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Analyst View: Bank stocks knocked as Suspicious Activity Reports come to light

Several global banks moved large sums of allegedly illicit funds over a period of nearly two decades, despite red flags about the origins of the money, BuzzFeed and other media reported on Sunday, citing confidential documents submitted by banks to the U.S. government.

The media reports were based on leaked suspicious activity reports (SARs) filed by banks and other financial firms with the U.S. Department of Treasury’s Financial Crimes Enforcement Network (FinCen).

HSBC’s shares in Hong Kong and Standard Chartered’s in London fell on Monday to their lowest since at least 1998 after they and other big banks including Barclays, Deutsche Bank, JPMorgan Chase and Bank of New York Mellon Corp were mentioned in the reports.


“It does not make sense that the basis for media allegations that banks knowingly hid illegal activity consisted solely of Suspicious Activity Reports that those banks filed alerting law enforcement to that very activity. Clearly, there is more to this story, but unfortunately the reporting failed to unearth it, and the banks are legally prohibited from telling their side. In some cases, if the past is any guide, that story likely includes law enforcement asking a bank to keep open an account it has identified as suspicious so that law enforcement can track where the money is going and gather further evidence to support an arrest and conviction.”

“Banks are struggling to have effective transaction monitoring systems. Lots are struggling with high false positive rates and the backlog [of existing cases]. That’s why you see that sometimes SARs were raised over 100 days after the transaction”

“Enforcement agencies also overwhelmed by the number of SARs. … The scale of banking transactions has been increasing over time, but the way we deal with the data hasn’t changed much.”

“One corrupt customer can go to different banks and the regulator or enforcement agency can receive multiple SARs relating to the same customer, but they don’t know that until they plough through the details. How we standardize the format of the reporting, how we harness technology to smooth out the data aggregation and data analysis process is also very important.”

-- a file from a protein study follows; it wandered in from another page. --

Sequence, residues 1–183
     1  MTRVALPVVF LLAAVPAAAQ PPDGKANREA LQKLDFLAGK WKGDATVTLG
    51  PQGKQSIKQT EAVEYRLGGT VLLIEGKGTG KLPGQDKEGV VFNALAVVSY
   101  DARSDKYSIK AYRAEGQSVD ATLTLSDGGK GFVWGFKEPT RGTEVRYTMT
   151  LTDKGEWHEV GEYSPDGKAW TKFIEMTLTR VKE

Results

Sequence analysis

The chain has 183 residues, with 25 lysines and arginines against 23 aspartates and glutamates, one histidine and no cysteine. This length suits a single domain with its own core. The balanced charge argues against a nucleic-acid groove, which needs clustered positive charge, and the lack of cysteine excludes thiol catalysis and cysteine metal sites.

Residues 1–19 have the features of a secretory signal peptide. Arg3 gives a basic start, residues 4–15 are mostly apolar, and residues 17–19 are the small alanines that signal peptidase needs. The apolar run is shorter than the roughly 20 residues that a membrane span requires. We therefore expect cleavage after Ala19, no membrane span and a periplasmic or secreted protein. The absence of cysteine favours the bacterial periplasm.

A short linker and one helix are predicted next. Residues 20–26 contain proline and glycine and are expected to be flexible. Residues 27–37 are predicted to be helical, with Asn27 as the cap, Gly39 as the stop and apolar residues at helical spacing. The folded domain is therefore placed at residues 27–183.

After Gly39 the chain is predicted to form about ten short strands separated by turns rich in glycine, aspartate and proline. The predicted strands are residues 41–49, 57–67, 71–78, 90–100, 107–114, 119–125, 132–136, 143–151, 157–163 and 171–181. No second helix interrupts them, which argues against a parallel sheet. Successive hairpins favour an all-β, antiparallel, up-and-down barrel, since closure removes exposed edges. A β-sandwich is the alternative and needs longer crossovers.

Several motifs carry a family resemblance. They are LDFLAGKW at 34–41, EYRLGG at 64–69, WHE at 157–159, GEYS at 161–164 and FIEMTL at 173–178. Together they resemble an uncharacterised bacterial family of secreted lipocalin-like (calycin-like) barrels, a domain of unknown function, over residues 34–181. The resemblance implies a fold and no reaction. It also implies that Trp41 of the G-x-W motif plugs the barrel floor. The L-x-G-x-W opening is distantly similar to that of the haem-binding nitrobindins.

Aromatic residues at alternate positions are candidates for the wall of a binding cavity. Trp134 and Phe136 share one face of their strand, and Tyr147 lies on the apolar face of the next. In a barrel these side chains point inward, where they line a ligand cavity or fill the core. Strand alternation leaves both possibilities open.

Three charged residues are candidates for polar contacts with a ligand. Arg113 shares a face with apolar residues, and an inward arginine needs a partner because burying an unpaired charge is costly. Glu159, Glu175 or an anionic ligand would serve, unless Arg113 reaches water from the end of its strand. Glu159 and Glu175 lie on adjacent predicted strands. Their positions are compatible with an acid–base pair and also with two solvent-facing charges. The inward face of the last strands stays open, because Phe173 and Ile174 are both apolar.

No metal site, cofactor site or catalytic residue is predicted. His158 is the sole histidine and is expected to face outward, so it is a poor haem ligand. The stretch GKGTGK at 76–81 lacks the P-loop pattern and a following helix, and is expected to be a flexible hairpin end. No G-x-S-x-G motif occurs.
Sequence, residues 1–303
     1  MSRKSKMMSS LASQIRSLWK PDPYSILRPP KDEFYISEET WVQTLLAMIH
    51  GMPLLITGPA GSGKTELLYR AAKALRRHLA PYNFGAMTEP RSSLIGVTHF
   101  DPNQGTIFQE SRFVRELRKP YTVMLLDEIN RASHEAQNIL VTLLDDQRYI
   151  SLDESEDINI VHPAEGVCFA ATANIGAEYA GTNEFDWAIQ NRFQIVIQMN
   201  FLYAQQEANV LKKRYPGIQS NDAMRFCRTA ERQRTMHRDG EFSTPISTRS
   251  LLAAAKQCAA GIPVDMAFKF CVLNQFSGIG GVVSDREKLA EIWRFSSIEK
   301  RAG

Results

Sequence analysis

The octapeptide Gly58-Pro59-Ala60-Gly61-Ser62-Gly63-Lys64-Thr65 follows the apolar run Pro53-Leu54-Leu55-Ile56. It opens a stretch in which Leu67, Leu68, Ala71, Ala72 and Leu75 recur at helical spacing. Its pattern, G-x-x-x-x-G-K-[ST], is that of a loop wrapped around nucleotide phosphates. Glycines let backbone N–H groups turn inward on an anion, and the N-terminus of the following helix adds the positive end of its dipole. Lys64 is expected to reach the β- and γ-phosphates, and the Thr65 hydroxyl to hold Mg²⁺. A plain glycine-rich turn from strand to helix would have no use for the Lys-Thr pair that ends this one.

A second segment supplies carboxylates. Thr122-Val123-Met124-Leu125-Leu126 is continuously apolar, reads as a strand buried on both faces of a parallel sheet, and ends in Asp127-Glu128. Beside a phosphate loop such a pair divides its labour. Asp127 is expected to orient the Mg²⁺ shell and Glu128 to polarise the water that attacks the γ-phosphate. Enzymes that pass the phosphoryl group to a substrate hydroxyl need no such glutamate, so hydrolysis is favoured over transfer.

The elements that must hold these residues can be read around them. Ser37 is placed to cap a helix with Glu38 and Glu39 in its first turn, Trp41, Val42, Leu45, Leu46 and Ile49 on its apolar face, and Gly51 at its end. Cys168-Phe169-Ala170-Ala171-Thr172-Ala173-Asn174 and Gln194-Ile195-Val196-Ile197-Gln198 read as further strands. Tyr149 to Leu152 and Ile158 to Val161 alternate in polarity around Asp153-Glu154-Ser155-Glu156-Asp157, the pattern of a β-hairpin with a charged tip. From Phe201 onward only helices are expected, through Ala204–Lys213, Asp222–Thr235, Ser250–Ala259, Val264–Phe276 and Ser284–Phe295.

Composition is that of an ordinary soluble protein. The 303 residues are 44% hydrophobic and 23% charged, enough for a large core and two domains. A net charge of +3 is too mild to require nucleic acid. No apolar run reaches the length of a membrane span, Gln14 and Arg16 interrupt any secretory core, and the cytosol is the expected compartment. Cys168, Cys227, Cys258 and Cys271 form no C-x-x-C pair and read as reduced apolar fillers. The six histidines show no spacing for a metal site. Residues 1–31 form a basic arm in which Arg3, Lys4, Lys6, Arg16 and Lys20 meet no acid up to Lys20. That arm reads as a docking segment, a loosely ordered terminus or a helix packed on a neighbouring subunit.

“It confirms what we already knew – that there are huge amounts of SARs being filed with relatively low numbers of cases brought through to prosecution,”

“It speaks about budgets of governmental entities tasked with prosecuting AML offences and the cross border jurisdictional challenges.”

“It also brings out the point that managing financial crime risk goes beyond making SARs. Clearly the banks are often in a difficult position – once they file they are often told to continue operating the account whilst a case if built and of course tipping off is a separate offence.”


“1) Suspicious Activity Reports are almost always filed based on post-facto analysis of transactions done to pick up any transactions which by its nature, behaviour or context looks a probable attempt to launder money, evade sanctions or fund terrorists. The banks deploy technology to help sieve through and analyze a huge volume of transactions and then report such suspicious transactions to regulators.

“2) Regulators would then, basis this information, decide to further investigate and if needed have the law enforcement agencies look at the case for any criminal acts. Banks are neither a law enforcement or a prosecuting entity. The fact that these FinCEN reports have been filed is important as they serve as both a key case clue for the law enforcement agencies and a crucial evidence of money trail for the prosecutors.

“3) The above said, some examples being quoted from the leaked files, if true, would demonstrate the need for banks to enhance their due diligence on their customers, especially those with probable high risk connections. It also strengthens the recent regulatory focus on the banks to identify sources of funds and beneficial owners of their customers.”

“4) Another key observation is how FinCEN treats UK as a higher risk jurisdiction, on the same lines as say a Cyprus or a Malta, for the high number of UK registered companies which come up in the filed Suspicious Activity Reports by the banks.”

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